Discover more from Other Feminisms
For Barbie, The Winning Move is Not to Play
The toy-based film posits it's impossible to be a woman
I went to see Barbie with three mom friends (yes, I dressed up; no, I’m not posting our picture). On paper, the idea of a Barbie movie sounded bad (though not as bad as the threatened Uno movie), but I’d loved Greta Gerwig’s Lady Bird and Little Women. If she didn’t have something to say, I didn’t think she’d take the project.
Unfortunately, the Barbie movie winds up as a lot less than the sum of its parts. It’s not an empty, two-hour commercial—it brings up big, interesting questions but can’t muster substantive answers. I have a review of the film at The Dispatch today, and this is the core of my critique:
The film culminates in a narrow vision of womanhood—what it means to be a woman is simply being a target of misogyny. It’s a tidy answer, but it’s profoundly dissatisfying, suggesting there’s nothing good in being a woman (or a man, for that matter). […]
The message resonated with Hari Nef, a transgender actress who plays Doctor Barbie. In an Instagram post promoting the film, Nef said that the experience of being a woman badly is the most universal experience of womanhood. Nef and a group of transgender friends call themselves “the dolls” because, as Nef explained, “underneath the word ‘doll’ is the shape of a woman who is not quite a woman—recognizable as such, but still a fake.”
As Gloria gave her cold-shower pep talk, telling Barbie after Barbie it’s impossible to be a woman, I wondered if the transgender theorist Andrea Long Chu had a writing credit. (No.) In Females, Chu argues that everyone is female, because Chu defines femaleness as “a universal sex defined by self-negation.” “Put more simply,” Chu writes, “Everyone is female, and everyone hates it.”
The movie’s climax is keyed to the realization it’s impossible to be woman, and that what our society asks of women is undesirable, even if you could achieve it. I don’t think the film goes far enough in putting forward a different, positive vision, and it leave women’s solidarity as the shared experience of thwartedness.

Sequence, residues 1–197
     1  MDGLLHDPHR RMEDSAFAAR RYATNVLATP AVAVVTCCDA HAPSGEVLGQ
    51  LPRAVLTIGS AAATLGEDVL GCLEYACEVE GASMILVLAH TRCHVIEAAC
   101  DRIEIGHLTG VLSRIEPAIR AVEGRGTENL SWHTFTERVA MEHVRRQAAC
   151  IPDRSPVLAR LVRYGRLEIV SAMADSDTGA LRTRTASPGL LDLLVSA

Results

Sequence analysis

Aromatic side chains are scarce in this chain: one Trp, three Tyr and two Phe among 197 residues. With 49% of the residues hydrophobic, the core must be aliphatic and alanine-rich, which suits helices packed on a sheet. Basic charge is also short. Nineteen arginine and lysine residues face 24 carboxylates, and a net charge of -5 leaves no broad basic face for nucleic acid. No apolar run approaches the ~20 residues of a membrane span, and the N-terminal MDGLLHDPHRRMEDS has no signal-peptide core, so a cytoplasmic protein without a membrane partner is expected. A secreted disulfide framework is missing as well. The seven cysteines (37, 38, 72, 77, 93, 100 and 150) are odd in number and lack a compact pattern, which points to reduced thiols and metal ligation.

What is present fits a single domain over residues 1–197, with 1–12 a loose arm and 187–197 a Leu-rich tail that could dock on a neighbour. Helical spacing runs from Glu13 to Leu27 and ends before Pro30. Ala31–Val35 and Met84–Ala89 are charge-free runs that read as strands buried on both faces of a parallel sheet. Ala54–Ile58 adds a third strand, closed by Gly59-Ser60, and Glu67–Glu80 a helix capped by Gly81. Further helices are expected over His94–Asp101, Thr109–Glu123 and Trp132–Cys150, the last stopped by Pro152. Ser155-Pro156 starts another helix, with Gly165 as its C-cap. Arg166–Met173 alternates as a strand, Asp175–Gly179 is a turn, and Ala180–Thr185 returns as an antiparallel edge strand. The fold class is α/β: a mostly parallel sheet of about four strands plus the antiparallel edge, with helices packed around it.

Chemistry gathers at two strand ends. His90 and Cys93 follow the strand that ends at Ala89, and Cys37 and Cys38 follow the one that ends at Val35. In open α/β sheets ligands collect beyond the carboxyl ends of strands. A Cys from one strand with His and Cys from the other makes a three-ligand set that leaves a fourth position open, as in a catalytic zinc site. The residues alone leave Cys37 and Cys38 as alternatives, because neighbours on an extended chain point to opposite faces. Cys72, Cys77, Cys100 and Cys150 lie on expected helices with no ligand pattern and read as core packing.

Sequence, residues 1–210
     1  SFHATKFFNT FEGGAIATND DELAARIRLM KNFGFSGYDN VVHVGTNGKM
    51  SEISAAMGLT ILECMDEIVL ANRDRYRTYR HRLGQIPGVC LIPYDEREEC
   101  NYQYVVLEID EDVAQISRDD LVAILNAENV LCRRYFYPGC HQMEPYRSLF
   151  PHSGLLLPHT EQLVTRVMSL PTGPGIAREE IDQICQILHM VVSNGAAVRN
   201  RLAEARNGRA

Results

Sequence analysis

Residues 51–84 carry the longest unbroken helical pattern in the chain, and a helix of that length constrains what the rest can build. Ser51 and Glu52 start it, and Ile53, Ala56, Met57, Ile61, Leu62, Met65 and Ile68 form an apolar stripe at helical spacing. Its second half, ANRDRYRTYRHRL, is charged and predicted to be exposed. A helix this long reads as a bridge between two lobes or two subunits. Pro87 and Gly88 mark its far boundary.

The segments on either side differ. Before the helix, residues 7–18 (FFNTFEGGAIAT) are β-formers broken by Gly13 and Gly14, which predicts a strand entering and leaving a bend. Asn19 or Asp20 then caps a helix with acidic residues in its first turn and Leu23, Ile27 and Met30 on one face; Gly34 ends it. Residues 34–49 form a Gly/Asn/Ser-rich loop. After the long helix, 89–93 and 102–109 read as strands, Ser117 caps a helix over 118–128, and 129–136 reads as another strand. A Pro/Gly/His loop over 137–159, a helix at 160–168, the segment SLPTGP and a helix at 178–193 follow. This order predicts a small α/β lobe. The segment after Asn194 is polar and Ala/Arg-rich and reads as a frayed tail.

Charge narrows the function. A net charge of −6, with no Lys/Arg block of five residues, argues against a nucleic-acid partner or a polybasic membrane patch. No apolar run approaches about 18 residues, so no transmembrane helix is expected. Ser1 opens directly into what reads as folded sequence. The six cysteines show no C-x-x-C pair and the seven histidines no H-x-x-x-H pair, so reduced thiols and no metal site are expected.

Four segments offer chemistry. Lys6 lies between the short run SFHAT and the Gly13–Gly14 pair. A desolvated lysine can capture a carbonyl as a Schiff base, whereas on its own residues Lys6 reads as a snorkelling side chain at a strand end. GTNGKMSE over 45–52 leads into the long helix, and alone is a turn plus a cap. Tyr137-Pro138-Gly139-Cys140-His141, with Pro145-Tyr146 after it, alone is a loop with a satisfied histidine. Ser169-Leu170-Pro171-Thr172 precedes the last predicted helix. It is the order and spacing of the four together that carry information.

There are some gestures in the direction of a better answer, but I think they’re drowned out by the dominant notes of the film. Still, I think the movie is more muddled than bad.
Millennials are more likely to agree with Baumbach that the best thing about being young is that you get to be a grown-up at the end of it. Maybe it’s because we’ve been infantilized all our lives by our boomer elders. Whatever the reason, Barbie is a millennial director’s way of saying to the world now that her generation is hitting middle age: We are ready to put our toys away.
Of course, Mattel certaintly does not want viewers to feel they’ve grown beyond their toys, and, aspoints out at , the Barbie tie-in products cut sharply against the ostensible message of the movie.
Among the official Barbie beauty collaborations is an anti-cellulite body lotion, $39, promising to “boost collagen and plump out creases” while “providing visible lift.”
(Of course, rather than explicitly use the words “anti-cellulite,” the body lotion product copy describes the physical characteristics of cellulite and how to “treat” it — e.g., “boost collagen” and “plump out creases” as well as “fine lines and wrinkles” to “leave skin plump” and “sleek.” These are all direct quotes! This is a not-uncommon trick in beauty marketing, particularly since the mainstreaming of body positivity movement.)
I’m still curious and optimistic to see what Gerwig will do when she gets her swing at Narnia. But if you want the good things that are subtextual in Barbie, I’d recommend watching Lady Bird instead.